ADA calls for end to discriminatory rebates

discriminatory rebates

Presenting to the Senate Inquiry on the value and affordability of private health insurance and out-of-pocket costs, Australian Dental Association (ADA) president Dr Hugo Sachs earlier this week called on the Senate Committee to recommend changes to private health insurance legislation that will end discriminatory rebates.

“What a lot of people don’t realise is that only some policy holders are benefiting from this system,” Dr Sachs said in his opening statement. “Why should decent rebates for dental treatment only be available to a subset of all policy holders?Private health insurance is sold as allowing consumers choice; but in reality, the current system offers differential rebates based on who provides that service and restricts that choice.”

Dr Sachs tabled examples demonstrating the significant out-of-pocket costs to patients due to the fact health funds pay different rebates to policy holders based purely on whether the dentist is contracted to a health fund.

“Health insurers claim that health care providers’ fees are driving the increasing cost of premiums. Our evidence says otherwise,” Dr Sachs said. “The problem is clearly because of the poor rebates paid.

“If you hold an extras policy with a health fund then you should get exactly the same rebate as anyone else who holds that policy regardless of where you live or which dentist provides the treatment.”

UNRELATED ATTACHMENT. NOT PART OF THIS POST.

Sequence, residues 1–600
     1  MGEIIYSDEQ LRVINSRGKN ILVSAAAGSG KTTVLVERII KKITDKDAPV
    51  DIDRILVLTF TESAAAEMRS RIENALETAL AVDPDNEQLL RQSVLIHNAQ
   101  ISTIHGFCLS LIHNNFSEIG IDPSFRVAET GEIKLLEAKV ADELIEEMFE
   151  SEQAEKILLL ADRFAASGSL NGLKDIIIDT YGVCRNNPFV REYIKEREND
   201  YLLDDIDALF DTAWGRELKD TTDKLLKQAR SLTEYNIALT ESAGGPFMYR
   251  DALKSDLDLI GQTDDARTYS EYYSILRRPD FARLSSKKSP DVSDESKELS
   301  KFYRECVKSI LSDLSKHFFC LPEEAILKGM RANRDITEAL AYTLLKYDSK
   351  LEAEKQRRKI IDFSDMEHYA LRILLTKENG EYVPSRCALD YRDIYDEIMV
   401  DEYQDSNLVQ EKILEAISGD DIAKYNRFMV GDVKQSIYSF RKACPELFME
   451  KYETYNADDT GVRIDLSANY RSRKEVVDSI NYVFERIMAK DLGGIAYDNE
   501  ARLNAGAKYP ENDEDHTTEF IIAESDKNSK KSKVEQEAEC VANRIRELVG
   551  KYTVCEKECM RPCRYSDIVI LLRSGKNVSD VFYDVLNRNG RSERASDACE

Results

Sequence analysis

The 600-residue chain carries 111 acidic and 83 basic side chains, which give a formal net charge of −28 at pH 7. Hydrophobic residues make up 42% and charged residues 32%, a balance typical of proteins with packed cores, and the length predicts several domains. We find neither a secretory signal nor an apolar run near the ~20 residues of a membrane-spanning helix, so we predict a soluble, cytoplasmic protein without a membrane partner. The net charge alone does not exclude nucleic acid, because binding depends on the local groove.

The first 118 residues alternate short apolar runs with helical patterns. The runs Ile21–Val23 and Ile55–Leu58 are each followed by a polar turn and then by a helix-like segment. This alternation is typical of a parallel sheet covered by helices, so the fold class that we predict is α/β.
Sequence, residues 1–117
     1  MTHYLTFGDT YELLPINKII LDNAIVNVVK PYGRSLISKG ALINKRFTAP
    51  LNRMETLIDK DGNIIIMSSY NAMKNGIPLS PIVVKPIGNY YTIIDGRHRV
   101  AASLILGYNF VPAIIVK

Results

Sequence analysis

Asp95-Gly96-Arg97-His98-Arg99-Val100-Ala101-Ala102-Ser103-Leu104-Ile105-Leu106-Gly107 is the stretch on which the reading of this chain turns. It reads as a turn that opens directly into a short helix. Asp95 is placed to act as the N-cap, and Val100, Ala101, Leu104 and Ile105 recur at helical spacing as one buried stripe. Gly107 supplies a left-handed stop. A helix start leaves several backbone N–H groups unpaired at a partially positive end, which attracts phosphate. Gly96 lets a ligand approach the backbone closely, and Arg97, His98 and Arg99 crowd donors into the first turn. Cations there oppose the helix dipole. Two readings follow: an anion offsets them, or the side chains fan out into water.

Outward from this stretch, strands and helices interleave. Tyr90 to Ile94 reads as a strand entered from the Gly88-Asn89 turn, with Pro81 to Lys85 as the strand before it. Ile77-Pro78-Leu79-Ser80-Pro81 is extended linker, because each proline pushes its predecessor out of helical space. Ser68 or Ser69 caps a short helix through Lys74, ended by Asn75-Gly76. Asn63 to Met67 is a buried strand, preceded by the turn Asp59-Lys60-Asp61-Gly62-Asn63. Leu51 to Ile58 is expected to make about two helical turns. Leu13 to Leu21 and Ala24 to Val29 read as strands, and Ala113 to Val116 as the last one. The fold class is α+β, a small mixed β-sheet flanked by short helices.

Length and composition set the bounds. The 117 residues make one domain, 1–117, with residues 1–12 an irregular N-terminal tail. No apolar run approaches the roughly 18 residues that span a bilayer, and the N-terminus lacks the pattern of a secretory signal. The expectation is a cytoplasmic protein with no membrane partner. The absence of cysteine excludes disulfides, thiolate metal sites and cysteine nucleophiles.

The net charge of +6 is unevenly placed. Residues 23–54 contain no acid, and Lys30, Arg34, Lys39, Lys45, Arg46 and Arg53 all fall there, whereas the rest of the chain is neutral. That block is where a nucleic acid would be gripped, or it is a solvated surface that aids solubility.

The Senate Committee are due to report on their findings by the 27 November 2017.

Based on a media release sourced from the ADA website.

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2 Comments

  1. Fat hopes that will happen bec the health funds have only one motive ie .“PROFIT”
    The sooner they can take control of decision making policies the dental board and ada will weld to their policies.

  2. The ADA’s submission (222, p.41) on dentists sharing their patient data with PHI’s is alarming. “When dentists exercise their responsibilities under the Privacy Act…and approach the patient to seek their consent, it often turns out that patients will refuse” (ADA, p.41). When patients are not provided with all the relevant information to form a reasoned decision; they cannot be said to have given informed consent.

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